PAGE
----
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Helen Betty Osborne Memorial Awards

Three organizations are working together to relaunch dozens of scholarships honouring the late Helen Betty Osborne.

The National Centre for Truth and Reconciliation (NCTR) and the Indigenous Chamber of Commerce (ICC) will lead the project, with support from The Winnipeg Foundation. The partnership will re-activate the Helen Betty Osborne Memorial Awards for Indigenous students.

Representatives from NCTR and the ICC will lead the scholarship awards selection committee. The Winnipeg Foundation manages hundreds of scholarship funds – each with unique criteria.

The application portal opens on Nov. 13, 2021, which marks the 50th anniversary of Helen Betty Osborne’s tragic death. Thirty, $2,500 awards will be allocated from the Helen Betty Osborne Memorial Fund to Indigenous students.

Helen Betty Osborne, originally from Norway House Indian Reserve was a high school student attending Manitoba Brethren Collegiate Institute and was on the home placement program administered by Indigenous and Northern Affairs Canada with the dream to one day become a teacher.  She spent two years at Guy Hill Residential School, just outside The Pas, Manitoba. Helen was 19 years old when she was brutally murdered in northern Manitoba in 1971, it took 16 years for anyone to be charged with her murder.

The scholarship fund was established to honour her memory and provide financial support to Indigenous students. 

The Helen Betty Osborne Memorial Fund Awards strives to promote the memory of Helen Betty Osborne while acknowledging deserving Indigenous students who are making a difference in eliminating the barriers of racism, sexism, violence, and indifference in our society.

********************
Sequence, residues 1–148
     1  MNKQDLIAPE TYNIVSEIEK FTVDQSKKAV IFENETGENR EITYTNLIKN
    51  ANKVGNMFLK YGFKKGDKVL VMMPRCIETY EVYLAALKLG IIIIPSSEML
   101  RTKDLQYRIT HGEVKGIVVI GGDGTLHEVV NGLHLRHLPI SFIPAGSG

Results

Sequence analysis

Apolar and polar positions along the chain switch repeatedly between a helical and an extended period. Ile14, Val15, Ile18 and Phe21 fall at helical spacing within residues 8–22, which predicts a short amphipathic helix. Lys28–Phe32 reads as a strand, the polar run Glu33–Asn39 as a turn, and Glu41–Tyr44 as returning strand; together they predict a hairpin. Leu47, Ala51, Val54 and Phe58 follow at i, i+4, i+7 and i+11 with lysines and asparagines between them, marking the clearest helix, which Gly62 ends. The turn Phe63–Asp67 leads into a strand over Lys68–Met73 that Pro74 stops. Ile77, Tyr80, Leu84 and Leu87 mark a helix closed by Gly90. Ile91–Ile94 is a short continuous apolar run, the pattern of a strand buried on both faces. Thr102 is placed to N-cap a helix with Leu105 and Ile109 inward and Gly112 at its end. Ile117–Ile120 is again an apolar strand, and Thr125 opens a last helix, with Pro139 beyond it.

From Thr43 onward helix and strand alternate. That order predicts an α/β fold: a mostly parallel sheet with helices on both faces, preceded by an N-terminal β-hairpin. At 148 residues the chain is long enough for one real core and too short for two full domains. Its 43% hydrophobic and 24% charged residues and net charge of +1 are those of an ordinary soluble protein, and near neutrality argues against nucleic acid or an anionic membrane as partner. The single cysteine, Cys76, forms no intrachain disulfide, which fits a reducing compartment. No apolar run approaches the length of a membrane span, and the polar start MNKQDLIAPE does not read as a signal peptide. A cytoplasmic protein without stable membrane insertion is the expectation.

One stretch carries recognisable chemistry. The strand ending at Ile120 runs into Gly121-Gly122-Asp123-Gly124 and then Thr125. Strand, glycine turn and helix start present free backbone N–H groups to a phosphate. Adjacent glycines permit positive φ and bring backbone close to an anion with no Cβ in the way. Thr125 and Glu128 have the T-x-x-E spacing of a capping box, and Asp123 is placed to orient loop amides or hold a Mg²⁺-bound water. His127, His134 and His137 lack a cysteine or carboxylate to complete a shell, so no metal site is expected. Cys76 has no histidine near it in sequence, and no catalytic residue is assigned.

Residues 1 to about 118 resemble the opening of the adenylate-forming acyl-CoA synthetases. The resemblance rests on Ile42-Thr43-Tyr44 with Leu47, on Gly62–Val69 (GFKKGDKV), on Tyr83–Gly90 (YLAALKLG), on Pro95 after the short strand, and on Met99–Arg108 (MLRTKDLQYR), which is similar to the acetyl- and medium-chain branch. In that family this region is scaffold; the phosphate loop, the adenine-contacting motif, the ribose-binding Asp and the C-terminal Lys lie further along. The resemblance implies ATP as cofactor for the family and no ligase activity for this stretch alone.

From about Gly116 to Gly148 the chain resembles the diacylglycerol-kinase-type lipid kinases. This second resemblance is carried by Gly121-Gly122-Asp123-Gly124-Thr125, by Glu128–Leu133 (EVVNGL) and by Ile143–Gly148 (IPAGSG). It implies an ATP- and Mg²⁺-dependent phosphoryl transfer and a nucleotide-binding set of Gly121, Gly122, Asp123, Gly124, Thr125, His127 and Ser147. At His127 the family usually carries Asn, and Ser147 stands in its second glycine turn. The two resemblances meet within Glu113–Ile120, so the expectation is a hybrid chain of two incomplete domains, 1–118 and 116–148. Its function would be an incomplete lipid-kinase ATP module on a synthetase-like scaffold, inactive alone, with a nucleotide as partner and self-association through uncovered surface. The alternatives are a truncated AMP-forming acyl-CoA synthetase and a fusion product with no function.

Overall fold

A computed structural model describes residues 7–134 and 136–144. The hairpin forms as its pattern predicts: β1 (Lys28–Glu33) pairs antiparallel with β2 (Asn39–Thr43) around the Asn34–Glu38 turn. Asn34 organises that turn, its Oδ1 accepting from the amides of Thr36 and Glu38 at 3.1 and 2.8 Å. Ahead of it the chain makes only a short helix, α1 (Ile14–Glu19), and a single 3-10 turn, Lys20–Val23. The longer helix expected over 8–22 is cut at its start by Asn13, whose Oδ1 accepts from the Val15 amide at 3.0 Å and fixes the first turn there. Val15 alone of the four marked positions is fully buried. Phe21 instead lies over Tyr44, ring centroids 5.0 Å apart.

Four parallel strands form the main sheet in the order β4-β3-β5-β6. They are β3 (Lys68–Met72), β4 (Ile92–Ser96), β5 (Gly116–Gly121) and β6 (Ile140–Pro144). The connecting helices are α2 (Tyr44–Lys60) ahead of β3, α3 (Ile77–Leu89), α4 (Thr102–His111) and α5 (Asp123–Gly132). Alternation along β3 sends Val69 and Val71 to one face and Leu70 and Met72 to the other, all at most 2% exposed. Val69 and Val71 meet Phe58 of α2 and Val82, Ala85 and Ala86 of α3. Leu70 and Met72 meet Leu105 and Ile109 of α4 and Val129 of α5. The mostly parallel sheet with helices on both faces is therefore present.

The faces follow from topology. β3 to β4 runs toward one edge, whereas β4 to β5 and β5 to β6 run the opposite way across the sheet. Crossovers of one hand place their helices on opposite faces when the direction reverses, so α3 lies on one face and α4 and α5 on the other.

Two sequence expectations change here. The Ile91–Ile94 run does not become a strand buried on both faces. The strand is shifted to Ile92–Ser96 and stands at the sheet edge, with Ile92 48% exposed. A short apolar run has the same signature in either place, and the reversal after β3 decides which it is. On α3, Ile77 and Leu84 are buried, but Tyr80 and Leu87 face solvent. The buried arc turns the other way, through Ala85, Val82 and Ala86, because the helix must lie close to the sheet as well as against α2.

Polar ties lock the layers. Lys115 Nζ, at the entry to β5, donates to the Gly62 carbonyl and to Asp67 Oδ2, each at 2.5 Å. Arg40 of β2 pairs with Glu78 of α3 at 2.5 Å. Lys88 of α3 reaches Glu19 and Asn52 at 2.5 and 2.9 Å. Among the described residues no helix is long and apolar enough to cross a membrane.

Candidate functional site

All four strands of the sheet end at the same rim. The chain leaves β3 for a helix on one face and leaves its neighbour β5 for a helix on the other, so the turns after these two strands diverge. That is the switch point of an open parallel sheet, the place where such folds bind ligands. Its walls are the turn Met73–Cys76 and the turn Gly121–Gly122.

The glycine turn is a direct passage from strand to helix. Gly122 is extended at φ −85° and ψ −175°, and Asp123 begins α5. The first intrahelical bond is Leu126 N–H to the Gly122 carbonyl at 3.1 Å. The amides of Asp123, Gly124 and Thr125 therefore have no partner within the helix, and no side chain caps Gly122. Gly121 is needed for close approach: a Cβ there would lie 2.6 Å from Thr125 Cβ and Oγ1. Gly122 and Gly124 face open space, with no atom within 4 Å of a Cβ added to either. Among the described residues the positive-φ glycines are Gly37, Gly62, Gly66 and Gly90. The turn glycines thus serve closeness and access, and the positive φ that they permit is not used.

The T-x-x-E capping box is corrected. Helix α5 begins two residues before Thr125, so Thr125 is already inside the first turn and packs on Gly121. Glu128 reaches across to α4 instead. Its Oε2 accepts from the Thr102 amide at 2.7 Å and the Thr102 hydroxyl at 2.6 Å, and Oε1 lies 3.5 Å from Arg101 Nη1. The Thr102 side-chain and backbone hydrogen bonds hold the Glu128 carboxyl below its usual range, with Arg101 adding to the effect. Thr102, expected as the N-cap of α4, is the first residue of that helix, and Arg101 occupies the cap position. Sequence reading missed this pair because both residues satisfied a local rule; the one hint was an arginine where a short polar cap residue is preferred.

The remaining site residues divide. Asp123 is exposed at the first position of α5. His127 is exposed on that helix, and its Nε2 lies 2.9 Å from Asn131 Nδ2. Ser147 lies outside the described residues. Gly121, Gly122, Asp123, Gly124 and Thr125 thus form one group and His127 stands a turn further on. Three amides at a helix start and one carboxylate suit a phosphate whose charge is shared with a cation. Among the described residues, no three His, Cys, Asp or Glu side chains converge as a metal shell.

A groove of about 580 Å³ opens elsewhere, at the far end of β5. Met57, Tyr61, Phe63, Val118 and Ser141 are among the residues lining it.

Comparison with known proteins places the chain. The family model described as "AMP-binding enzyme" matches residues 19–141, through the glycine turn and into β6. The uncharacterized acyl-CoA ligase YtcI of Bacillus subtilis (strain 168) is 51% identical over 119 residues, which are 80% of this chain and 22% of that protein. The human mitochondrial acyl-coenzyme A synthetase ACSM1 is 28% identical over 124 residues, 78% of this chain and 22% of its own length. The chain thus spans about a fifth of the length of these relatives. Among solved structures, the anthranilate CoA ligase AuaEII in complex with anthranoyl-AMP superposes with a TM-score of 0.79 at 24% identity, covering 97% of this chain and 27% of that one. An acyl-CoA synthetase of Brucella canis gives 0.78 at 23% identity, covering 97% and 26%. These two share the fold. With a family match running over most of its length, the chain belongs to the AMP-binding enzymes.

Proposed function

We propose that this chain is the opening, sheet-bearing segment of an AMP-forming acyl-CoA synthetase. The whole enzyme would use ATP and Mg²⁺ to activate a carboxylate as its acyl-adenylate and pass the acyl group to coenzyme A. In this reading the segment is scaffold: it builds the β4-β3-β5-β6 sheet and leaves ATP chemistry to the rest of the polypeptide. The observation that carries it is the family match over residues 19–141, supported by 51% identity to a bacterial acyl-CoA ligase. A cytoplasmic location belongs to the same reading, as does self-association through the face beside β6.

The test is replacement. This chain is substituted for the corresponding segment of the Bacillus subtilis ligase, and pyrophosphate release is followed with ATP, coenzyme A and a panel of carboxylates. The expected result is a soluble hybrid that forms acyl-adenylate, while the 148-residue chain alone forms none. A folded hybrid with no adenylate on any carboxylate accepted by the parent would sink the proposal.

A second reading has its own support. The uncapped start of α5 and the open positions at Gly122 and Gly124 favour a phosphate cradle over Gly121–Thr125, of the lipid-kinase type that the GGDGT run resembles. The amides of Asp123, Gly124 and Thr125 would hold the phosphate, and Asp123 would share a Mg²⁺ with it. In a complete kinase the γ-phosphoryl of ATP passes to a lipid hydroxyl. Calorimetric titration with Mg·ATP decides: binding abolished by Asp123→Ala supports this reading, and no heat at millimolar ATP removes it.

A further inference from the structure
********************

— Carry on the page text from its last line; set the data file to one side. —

The application process will open November 13, 2021 – The deadline to apply is December 31, 2021

Helen Betty Osborne Memorial Award

  • Application Form

  • Part 1 - Personal and Contact Information

  • Part 2 - Education

  • Please include the following documentation:

    • A copy of your most recent post-secondary enrolment • A reference letter from a teacher/faculty, employer or elder. • A resume
  • Drop files here or
    • Part 3 - Indigenous Heritage

    • Part 4 - Personal Essay

      All applicants must complete an essay of between 500-1000 words about yourself. Please include: • Your name, indigenous heritage and background • Your education and career goals. • Your community involvement and commitment to improving the wellbeing of society through volunteerism. • Why you need this award. • What Helen Betty Osborne’s life and legacy means to you.
    • Part 5 - Declaration and Consent

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    NCTR’s spirit name – bezhig miigwan, meaning “one feather”.

    Bezhig miigwan calls upon us to see each Survivor coming to the NCTR as a single eagle feather and to show those Survivors the same respect and attention an eagle feather deserves. It also teaches we are all in this together — we are all one, connected, and it is vital to work together to achieve reconciliation.